Pedigree Analysis: Six Modes of Inheritance

The inheritance of many monogenic (single-gene) traits can be determined
    by the analysis of family trees (pedigrees) (IG1 15.22)
        Pedigrees show relationships among individuals
        Ex.: Queen Victoria's pedigree shows genetic inheritance of Hemophilia A

Six basic Modes of Inheritance
      Distinguish autosomal vs sex-linked conditions
           sex (X) - linked conditions affect predominantly males
           autosomal conditions affect male and females equally

    1. Autosomal recessive
           ex.: Oculocutaneous Albinism (OMIM203100)
                     Batten Disease (OMIM204200): high frequency in Newfoundland
                     PTC tasting (OMIM1720) (Homework)

             Clues: Condition is
usually rare (allele frequency is low)
                         Allele is usually present in heterozygous genotypes
                         Condition often occurs in matings of related individuals
                                consanguineous marriage - at least one ancestor in common versus
                               
"inbreeding" - consanguineous marriages occur more frequently than expected
 
                         Conditions typically"skips generations"

    2. Autosomal dominant
              ex.: Achondroplasia (OMIM100800)
                      Huntington Disease (OMIM143100)
                     Arrthymogenic Right Ventricular Dysplasia, Type 5 (ARVD5) (OMIM604400)
                            "Newfoundland's sudden-death riddle resolved" (Globe & Mail 29 Feb 2008)

                     Hereditary nonpolyposis colorectal cancer (HNPCC)
                      ACHOO syndrome (OMIM100820 ) - photic sneezing
                      Fatal Familial Insomnia (OMIM600072) - a prion disease
                      Darwin's Tubercle (OMIMxxxxxxxx) - variable penetrance

              Clues: Allele is usually present in heterozygous genotype
                          Condition must appear in every generation

    3. X-linked recessive
              ex.: Hemophilia A (OMIM 306700)
                      Testicular Feminization Syndrome (OMIM300068)
                      Red-Green Colour Deficiency (OMIM306800)

 
              Clues: Condition occurs predominantly in males
                          Affected males usually do not have affected offspring
                          Criss-Cross inheritance: affected males & females alternate among generations

               X-linked Co-Dominant: the genetics of tortoiseshell & calico cats

 
  4. X-linked dominant
              ex.:
Hypophosphatemia (OMIM 307800)
 

               Clues: Affected males always pass the condition to daughters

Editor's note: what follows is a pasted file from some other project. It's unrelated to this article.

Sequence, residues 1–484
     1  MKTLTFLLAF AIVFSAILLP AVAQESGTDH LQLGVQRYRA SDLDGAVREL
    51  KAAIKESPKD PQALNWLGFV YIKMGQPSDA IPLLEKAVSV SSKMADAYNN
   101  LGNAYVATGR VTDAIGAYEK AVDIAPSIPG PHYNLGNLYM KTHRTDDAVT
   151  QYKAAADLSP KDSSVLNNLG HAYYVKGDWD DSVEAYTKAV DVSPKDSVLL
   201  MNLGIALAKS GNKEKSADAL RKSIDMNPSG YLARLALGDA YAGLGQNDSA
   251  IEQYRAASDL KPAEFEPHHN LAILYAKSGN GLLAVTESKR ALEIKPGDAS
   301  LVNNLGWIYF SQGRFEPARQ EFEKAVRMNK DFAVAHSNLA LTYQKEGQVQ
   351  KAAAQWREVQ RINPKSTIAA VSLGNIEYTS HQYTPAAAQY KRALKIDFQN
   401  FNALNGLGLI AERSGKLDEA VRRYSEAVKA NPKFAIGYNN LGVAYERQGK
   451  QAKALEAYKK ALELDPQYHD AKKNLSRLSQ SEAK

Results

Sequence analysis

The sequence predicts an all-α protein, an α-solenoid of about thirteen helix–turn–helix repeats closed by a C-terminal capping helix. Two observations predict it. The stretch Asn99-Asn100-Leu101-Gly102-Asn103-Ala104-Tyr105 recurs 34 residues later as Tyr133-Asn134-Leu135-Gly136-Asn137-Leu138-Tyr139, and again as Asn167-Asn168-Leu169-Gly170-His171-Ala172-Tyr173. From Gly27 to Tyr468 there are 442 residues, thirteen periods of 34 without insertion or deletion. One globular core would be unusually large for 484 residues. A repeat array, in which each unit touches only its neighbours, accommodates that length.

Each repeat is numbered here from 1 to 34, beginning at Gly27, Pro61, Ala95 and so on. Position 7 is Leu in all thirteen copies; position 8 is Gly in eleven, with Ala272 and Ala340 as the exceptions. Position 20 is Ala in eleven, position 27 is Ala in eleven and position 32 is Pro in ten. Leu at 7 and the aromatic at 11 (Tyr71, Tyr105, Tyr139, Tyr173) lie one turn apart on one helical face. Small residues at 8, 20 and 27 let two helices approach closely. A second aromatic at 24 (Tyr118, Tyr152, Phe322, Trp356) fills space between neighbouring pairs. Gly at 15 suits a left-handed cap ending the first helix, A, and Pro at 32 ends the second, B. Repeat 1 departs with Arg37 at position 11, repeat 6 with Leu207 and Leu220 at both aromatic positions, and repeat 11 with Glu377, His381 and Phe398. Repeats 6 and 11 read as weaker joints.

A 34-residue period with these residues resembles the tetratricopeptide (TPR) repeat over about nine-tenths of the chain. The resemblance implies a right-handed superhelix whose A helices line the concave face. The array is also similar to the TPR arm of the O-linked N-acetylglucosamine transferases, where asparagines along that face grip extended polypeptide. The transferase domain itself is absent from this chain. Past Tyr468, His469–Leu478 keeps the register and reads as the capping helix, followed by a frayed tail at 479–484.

Affected females are usually heterozygous

    5. Y-linked
             ex.: Zinc-Finger Protein, Y-linked (ZFY) (OMIM490000)
                    Sex-determining Region Y (SRY) (OMIM480000)
                    Hairy Ears (OMIM425500) probably not Y-linked: a sex-limited trait

                   Clues: Condition occurs in all male descendants, and only males
                                Phenotypes are typical of males

     6. mtDNA-linked
             ex.:  The "Daughters of Eve" in Newfoundland
                      Matrilineal descendants of Queen Victoria           
 
             mitochondrial DNA
(mtDNA) is a cytoplasmic (non-nuclear) genome

                   Clues: occurs in all descendants of an affected female
                                Affected males do not transmit the condition



Calculation of Risk in pedigree analysis involves simple probability theory
       The probability of two independent events occurring together ("A and B")
                is the product of the separate probabilities
       The probability of two alternative events occurring together ("A or B")
                is the sum of their separate probabilities
       The a priori probability of events may be modified by a posteriori knowledge
                calculation of the probability of single events is often influenced a posteriori


Homework: In the following pedigrees, which modes of inheritance can be ruled out?
                           What individual(s) allow you to do so?
                      Which are possible? Which is most likely? Explain.
                                                                Write out the genotypes of each of the individuals.

     Pedigree #1
     Pedigree #2
     Pedigree #3



All text material 2013 by Steven M. Carr